While she did, I attached both our balloons to a nearby railing – railings are nearby almost everywhere on a cruise ship. With still-shaking hands she removed the card.
“Oh. It’s for a manicure,” she said in astonishment.
“Did you hear? The she-devil is onboard.”
“Shh. May I help you?”
The spa receptionist’s whispered words to her co-worker were banished by a perfect, professional smile.
She-devil? Had I heard that correctly? It seemed such an unlikely word, especially in the bright and shiny spa of the Diversion.
Certainly, I wasn’t supposed to have heard it – if that’s what I did hear – but I have very good hearing.
“I’m Sheila Mackey and this is Petronella--.”
“Oh, yes, ma’am. We have detailed instructions. Everything has been spelled out precisely. Right this way, Ms. Petronella.”
“Oh, no, I couldn’t. This is so much.” Petronella had protested all the way to the spa and wasn’t done yet. “I shouldn’t…”
“This way,” the receptionist, kept repeating, leading us past an open area to the left with a hallway straight ahead. The receptionist gestured to the hallway’s first door on the left. “Right here for you.”
But Petronella put on the brakes. “Oh, no. I couldn’t possibly.”
Another smiling young woman came out of the room and told Petronella, “The instructions specifically said you were to have a private room.”
This smiling young woman wore the uniform of the ship’s spa. She had an Eastern European accent and a firm hold on Petronella’s arm.
Kit had her reasons for this arrangement. Something Machiavellian? Or, more altruistically, to spare me? To spare the rest of humanity using the facility? Though what it was going to do to the smiling young woman, I couldn’t imagine.
At the moment it was moot, anyhow. Petronella wasn’t budging.
“Oh, no, no. I couldn’t possibly...”
If you mentioned Petronella – known throughout the very extended and far-flung family as Poor Petronella – to anyone in my corner of the family they immediately mimicked, “Oh, no, I couldn’t possibly…”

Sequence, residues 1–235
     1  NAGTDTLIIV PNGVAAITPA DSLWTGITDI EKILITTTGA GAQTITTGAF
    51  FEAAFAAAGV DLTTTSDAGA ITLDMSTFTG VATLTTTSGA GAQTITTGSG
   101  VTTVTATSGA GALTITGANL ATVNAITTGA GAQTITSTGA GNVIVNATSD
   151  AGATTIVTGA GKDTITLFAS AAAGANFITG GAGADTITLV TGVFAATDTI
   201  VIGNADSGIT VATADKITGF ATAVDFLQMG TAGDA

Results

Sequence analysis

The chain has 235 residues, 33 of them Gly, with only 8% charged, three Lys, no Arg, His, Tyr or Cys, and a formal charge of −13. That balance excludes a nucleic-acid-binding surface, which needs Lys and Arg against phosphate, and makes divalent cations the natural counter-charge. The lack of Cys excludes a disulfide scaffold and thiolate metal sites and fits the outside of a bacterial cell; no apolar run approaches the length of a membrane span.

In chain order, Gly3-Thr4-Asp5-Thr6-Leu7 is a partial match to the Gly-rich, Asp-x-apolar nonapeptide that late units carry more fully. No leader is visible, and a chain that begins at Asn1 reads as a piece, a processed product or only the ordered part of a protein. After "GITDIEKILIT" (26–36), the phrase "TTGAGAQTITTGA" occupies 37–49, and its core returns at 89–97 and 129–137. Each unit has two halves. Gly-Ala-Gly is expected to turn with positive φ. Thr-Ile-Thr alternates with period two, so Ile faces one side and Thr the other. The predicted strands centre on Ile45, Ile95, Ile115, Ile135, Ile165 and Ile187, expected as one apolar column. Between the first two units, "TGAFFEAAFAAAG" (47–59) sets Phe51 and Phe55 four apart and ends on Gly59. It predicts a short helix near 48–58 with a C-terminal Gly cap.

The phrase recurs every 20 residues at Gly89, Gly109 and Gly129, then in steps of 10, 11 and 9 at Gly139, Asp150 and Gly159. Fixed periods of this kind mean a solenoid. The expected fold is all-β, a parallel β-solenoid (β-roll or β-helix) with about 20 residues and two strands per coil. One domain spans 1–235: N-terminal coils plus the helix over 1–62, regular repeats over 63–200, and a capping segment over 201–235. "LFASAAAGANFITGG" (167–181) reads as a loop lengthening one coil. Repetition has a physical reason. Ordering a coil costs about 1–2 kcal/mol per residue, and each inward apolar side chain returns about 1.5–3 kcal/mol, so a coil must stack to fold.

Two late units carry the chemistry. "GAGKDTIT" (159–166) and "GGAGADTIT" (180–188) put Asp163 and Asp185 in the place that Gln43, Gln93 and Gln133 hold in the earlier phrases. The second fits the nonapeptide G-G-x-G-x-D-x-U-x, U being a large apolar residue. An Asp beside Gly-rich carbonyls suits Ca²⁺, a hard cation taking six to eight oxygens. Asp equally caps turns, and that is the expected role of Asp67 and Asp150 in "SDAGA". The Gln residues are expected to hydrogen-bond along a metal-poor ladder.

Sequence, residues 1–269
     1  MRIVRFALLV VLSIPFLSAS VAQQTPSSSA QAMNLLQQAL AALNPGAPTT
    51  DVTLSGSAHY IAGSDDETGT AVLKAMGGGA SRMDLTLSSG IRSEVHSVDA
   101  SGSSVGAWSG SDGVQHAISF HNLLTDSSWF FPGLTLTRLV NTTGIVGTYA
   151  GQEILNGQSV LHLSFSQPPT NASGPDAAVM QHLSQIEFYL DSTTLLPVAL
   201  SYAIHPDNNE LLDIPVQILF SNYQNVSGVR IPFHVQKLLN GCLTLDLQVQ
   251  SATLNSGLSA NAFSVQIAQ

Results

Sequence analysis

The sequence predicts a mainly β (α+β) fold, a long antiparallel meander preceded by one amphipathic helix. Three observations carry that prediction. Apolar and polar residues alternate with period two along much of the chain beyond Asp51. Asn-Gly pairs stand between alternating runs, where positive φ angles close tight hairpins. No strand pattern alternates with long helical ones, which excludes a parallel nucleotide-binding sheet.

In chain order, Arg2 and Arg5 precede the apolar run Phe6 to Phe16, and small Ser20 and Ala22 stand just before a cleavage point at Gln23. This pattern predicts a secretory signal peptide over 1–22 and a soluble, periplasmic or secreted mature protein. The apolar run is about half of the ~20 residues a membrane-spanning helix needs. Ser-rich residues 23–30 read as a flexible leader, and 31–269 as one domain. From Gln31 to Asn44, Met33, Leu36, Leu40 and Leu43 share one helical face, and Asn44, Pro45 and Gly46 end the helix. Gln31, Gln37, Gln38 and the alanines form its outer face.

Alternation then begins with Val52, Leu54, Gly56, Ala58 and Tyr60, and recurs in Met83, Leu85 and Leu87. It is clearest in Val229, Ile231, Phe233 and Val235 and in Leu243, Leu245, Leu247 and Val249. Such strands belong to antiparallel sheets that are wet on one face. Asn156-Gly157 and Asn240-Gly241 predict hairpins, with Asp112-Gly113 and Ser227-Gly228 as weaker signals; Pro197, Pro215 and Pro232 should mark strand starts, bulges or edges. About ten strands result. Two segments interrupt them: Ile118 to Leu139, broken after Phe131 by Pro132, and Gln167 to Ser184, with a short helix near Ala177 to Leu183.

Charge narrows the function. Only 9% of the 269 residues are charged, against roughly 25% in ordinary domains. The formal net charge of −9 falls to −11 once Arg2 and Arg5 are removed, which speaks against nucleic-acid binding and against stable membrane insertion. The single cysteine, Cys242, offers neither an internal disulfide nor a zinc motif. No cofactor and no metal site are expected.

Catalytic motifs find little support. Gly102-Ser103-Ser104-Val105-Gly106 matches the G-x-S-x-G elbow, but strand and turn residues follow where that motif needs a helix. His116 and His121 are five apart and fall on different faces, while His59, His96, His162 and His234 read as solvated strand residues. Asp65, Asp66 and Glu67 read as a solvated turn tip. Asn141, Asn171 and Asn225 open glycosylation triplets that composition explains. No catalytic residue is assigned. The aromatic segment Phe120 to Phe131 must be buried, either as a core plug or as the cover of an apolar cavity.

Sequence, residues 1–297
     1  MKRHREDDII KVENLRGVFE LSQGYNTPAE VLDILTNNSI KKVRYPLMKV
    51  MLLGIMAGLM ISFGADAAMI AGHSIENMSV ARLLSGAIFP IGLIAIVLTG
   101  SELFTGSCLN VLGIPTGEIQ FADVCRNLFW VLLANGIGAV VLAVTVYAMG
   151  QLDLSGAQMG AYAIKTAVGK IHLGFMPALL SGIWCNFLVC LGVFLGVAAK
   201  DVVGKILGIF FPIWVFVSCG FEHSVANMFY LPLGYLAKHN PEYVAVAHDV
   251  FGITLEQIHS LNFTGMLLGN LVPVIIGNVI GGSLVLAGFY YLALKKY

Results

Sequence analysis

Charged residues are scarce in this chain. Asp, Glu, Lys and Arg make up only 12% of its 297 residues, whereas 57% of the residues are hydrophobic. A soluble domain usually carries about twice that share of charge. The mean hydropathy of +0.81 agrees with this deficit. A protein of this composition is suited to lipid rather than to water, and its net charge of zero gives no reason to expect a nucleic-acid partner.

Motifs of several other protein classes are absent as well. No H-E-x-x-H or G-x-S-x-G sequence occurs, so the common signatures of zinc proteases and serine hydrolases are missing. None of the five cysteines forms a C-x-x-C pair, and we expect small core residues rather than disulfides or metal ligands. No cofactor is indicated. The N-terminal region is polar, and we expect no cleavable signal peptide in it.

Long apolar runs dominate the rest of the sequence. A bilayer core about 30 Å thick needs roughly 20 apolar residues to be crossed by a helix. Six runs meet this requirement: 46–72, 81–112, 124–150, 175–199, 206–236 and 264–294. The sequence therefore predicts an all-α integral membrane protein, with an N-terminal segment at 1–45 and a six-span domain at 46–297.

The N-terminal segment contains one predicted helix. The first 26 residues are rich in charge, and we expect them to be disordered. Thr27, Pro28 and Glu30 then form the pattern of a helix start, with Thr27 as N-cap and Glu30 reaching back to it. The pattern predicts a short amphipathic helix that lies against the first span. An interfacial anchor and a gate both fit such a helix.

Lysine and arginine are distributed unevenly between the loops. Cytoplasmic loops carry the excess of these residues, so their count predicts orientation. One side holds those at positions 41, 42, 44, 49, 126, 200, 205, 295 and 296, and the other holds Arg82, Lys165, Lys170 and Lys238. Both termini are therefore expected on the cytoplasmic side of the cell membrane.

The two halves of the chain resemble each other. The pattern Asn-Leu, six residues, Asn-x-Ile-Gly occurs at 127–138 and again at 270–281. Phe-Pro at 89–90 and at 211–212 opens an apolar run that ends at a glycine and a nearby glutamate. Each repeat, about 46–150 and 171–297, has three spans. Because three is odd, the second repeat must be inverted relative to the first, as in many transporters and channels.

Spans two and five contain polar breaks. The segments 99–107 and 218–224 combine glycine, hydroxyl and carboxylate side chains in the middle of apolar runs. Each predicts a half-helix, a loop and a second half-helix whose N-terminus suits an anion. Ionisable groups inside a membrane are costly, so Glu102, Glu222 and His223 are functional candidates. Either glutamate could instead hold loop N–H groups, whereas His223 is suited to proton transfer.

Sometimes at the most inopportune moments. You’d be saying, “I walked up to the casket beside Poor Petronella and--.”
A chorus of “Oh, no, I couldn’t possibly…” instantly followed by chuckles interrupted you.
According to Kit, this distant relative of her long-dead fiance had been Poor Petronella since she was old enough to display a personality, which came later than most kids.
If there was a mishap floating around, Petronella reached out and grabbed it like the last life jacket on the Titanic — sorry, probably not a good image when I’m talking about cruising. But it fits.
Her latest misfortune was getting a divorce from the husband who’d been abusing her mentally, physically, and emotionally since before they were married. Yes, before and she still married him.
You should hear Aunt Kit on that topic.
But then how was the divorce a misfortune, you might ask. You and me both. To Petronella, however, it was a tragedy of epic proportions.
Her kids, who loved her for reasons beyond explanation but with the sane caveat that they lived in distant time zones, had begged Aunt Kit to beg me to help her.
They’d thought I would pay for the cruise, while Kit would have soulful, reasonable talks with Petronella.
Instead, Kit paid for the cruise, then bailed on both of us.
“You must go in the room to be happy and for your giver to be happy,” said the mahogany skinned young woman who’d said she would be doing my nails. South African accent, I thought. She put one arm across Petronella’s back and the other on her forearm and simple walked forward, scooping along the recalcitrant client.
In less time than I could have imagined, Petronella was in a room off the hallway and the door closed behind her.
“Do not worry. Your relative will be very fine,” said the young woman with the name tag saying Imka.
“I’m not worried about that. I am a little worried about your colleague and I’m wondering if I could learn that move.”
She slanted a look at me, apparently found me trustworthy, and said in a low voice. “I learned helping with the old ones at home. They don’t always want to go where it’s best for them to go. But it’s not respectful to pick them up and put them like a child.”
“Very true.” Though Petronella wasn’t that old. Chronologically.
She waved me to an open area with floor-to-ceiling windows angled out at the top, so if you wanted to look almost directly below, you could by leaning out. But why would you want to?
Two chairs in white leather that appeared to be crossbreeds of recliners and airline pilot seats had the best views of the windows and the blow-out stations, hair dryer chairs, and the hallway to the other treatment areas, depending on which way you swiveled.
One was occupied by a woman around Aunt Kit’s age. She had mostly gray hair, with enough variation at the back to show it had once been dark brown. Laugh lines waited for employment at the corners of her mouth and eyes. They flickered when she smiled, polite but not intrusive, as I was directed to the other chair.